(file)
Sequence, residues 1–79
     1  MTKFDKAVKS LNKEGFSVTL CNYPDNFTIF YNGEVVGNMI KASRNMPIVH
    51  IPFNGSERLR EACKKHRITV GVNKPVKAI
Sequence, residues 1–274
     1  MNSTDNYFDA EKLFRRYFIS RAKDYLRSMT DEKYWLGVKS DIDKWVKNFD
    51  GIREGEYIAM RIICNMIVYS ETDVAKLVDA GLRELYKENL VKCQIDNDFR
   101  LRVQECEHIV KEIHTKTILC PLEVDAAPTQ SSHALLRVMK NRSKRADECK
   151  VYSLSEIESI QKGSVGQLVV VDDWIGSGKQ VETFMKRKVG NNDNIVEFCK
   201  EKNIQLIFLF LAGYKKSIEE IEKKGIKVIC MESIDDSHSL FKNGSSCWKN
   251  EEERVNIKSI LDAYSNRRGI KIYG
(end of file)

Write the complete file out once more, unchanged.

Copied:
Sequence, residues 1–79
     1  MTKFDKAVKS LNKEGFSVTL CNYPDNFTIF YNGEVVGNMI KASRNMPIVH
    51  IPFNGSERLR EACKKHRITV GVNKPVKAI
Sequence, residues 1–274
     1  MNSTDNYFDA EKLFRRYFIS RAKDYLRSMT DEKYWLGVKS DIDKWVKNFD
    51  GIREGEYIAM RIICNMIVYS ETDVAKLVDA GLRELYKENL VKCQIDNDFR
   101  LRVQECEHIV KEIHTKTILC PLEVDAAPTQ SSHALLRVMK NRSKRADECK
   151  VYSLSEIESI QKGSVGQLVV VDDWIGSGKQ VETFMKRKVG NNDNIVEFCK
   201  EKNIQLIFLF LAGYKKSIEE IEKKGIKVIC MESIDDSHSL FKNGSSCWKN
   251  EEERVNIKSI LDAYSNRRGI KIYG